There is no debate that CZ makes beautiful, rugged and reliable pistols, be they in steel, aluminum or polymer. While not as popular in the United States, the CZ 75 is recognized for its excellence by foreign military and police departments and most recently has been acquired by Egyptian law enforcement and Special Forces.

The 75 has been copied by a number of state manufacturers including Turkey, whose versions are now selling in the U.S. I enjoyed shooting with Polish SWAT teams during official liaisons. After I trained Lithuanian SWAT in Baton Rouge, they returned home and holstered their CZs. During my trips to Israel, serious shooters showed a preference for CZs and, on the other side of the world, Sri Lanka’s Tamil Tigers have been photographed carrying them. CZs are international favorites.

CZ 75 Tactical Sport is a competition-bred pistol with fighting pistol genes. Long slide aids in recoil control and offers extended sight radius. In 9mm, it’s a pleasure to shoot. Note prominent target sights, low riding slide, single-action trigger, and disengaged ambidextrous thumb safety. Pistol reflects Browning HP heritage.


Several manufacturers offer long slide pistols primarily for competition and hunting. The longer slide with accompanying increased barrel length produces higher velocities, which helps the medium calibers reach required power factors in competition, deliver more lethal energy to the target, reduce muzzle rise by shifting more weight to the muzzle, and enhance iron sight accuracy by increasing the sight radius.

With minor modifications, these five-plus-inched barreled sporting pieces can also make very desirable SWAT team sidearms.

One of CZ’s newest offerings, the CZ 75 Tactical Sport (TS), falls into this versatile category. Available in 9x19mm and .40 S&W calibers, this two-tone steel beauty has a full-length dust cover that provides the slide, which rides on full-length internal frame rails, with more accuracy-enhancing rigidity.

Steel frames are machined of castings and coated in multi-stage operations. Initially they are phosphated and then sprayed with a satin nickel polycoat, a polymer-based coating that is extremely tough and resistant to wear.

The TS comes in a substantial padded and lockable plastic case. Contained therein are three 20-round magazines, extra slide stops/releases, magazine loader, nylon cleaning brush, cable security padlock, manual, and documents.


The TS receiver features 30 LPI front and backstrap grip checkering. With the diamond-cut walnut grip panels, the prominent checkering creates a positive hold that needs no other enhancements like skateboard tape.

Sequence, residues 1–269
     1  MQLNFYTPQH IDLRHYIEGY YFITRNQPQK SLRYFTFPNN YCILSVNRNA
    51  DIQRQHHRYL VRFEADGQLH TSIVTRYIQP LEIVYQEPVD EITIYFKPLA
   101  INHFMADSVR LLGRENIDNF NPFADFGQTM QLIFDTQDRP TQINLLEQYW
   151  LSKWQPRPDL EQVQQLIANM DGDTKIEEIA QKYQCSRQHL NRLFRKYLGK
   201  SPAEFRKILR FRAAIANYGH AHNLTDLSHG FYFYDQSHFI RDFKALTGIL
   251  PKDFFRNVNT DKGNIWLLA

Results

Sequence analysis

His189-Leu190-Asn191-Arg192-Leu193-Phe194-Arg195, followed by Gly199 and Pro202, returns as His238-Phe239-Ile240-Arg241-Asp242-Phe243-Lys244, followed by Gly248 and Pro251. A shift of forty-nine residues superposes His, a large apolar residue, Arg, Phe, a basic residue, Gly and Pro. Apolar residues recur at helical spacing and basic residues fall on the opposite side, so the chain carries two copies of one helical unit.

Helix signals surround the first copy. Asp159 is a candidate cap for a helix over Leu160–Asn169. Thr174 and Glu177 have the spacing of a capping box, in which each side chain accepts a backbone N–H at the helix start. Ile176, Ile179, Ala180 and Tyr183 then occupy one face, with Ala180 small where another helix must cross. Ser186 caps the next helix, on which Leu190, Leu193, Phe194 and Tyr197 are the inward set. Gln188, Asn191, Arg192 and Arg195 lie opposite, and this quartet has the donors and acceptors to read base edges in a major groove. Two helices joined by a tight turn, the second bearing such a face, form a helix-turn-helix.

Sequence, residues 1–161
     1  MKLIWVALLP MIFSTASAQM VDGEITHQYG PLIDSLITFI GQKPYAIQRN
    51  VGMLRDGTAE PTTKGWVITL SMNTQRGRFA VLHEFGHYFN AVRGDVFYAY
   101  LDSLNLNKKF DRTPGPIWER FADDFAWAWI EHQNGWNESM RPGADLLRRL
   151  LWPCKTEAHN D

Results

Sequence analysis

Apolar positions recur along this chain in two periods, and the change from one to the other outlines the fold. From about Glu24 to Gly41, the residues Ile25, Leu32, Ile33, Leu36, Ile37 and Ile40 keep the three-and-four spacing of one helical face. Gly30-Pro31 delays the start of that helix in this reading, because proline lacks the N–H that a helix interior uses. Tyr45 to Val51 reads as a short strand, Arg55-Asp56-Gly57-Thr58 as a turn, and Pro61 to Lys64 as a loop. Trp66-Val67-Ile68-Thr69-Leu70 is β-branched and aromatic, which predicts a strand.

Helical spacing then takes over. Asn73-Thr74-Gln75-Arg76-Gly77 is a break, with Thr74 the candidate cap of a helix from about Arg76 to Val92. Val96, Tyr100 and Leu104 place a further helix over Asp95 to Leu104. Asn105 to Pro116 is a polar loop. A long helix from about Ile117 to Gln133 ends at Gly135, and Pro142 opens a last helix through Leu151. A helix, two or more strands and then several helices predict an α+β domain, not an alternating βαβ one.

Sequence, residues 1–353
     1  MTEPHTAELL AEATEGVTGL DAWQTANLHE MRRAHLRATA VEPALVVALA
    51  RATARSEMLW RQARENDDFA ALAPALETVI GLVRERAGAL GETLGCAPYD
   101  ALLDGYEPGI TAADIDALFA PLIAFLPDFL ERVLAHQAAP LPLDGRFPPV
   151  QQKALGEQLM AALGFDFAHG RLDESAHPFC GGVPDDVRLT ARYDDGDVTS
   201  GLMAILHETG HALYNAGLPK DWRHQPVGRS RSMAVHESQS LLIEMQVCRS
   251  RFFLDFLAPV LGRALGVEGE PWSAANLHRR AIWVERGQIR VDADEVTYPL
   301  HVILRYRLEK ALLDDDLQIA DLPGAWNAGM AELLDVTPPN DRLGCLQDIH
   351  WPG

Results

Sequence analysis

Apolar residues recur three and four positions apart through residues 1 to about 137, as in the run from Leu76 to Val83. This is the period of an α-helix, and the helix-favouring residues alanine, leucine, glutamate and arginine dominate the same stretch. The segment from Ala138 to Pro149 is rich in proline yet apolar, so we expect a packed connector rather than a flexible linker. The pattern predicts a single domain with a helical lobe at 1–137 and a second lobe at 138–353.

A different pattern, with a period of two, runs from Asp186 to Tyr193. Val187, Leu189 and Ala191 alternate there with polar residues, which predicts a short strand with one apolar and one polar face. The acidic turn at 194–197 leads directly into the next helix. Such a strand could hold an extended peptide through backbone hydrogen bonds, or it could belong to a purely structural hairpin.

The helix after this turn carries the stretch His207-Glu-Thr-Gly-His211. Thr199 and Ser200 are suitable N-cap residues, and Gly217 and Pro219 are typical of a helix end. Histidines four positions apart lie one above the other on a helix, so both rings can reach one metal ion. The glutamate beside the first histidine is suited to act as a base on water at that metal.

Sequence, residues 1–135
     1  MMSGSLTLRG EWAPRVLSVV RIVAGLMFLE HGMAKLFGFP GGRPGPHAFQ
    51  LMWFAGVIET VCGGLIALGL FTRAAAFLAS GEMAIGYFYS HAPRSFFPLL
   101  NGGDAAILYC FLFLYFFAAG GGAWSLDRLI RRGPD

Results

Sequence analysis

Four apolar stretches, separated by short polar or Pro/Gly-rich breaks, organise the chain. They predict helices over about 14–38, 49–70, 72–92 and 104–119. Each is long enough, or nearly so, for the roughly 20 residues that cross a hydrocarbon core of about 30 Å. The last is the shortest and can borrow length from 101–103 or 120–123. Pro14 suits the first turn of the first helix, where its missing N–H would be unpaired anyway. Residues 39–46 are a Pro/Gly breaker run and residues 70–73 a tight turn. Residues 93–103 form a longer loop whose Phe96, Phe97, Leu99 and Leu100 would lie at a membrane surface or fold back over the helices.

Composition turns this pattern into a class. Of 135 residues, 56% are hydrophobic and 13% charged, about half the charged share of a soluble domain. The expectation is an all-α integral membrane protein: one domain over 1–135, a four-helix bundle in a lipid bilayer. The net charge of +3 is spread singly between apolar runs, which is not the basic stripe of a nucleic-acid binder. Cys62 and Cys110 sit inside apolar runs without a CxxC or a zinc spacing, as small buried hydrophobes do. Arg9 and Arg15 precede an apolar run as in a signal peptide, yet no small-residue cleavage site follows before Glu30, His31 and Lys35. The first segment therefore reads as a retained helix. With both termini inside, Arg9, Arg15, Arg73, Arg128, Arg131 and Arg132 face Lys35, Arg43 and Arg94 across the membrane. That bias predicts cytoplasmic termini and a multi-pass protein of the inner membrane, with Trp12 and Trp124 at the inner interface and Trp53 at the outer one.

Its medium caliber power to pistol weight ratio exhibits negligible torque. Excellent grip ergonomics are augmented by a recoil distributing beavertail and an enlarged polymer magazine well that forces the hand up high on the backstrap.

Pistol is shipped in an attractive padded and lockable case accompanied by three 20-round magazines, extra slide stops, magazine loading device, and nylon cleaning brush.

Large ambidextrous thumb safeties are within easy reach, but a little too easy to disengage. A red dot on the frame indicating “ready to fire” is exposed when the safeties are pushed down. A reversible extended magazine release resides on the CZ’s port side and is perfect for speed reloads, but way too prominent for a duty pistol. Placing the TS on its left side on a firm surface and pressing down dislodges the magazine.

The enlarged slide stop/release are not ambidextrous, but three additional stops/releases are included for replacement when running punishing hot ammo in an effort to make the USPA major power factor of 165.

Although most gun gurus favor the sling-shot gross motor movement for slide manipulation over tripping the slide release, there is not much to grab onto with the TS’s slide sunk so deeply into its receiver. Furthermore, grasping its small profile is further hampered by its large and sharp rear sight. Immediate action, remedial, and refunctioning actions can be painful with the current rear sight blade configuration. This is not just a combat consideration, but clearing stoppages is essential for competition as well.

Considering the above design features, one may be forced to resort to the slide release. But the slide’s low carriage in turn lowers the bore’s axis, which substantially contributes to recoil control. And in my mind this attribute outweighs any inconvenience the rear sight profile may create. Dorsally, the slide features a flat top that is tastefully striated and, like a shotgun rib, draws your eyes to the front sight. Its extractor is external and its ejection port, while relatively small, does work well with its tiny ejector.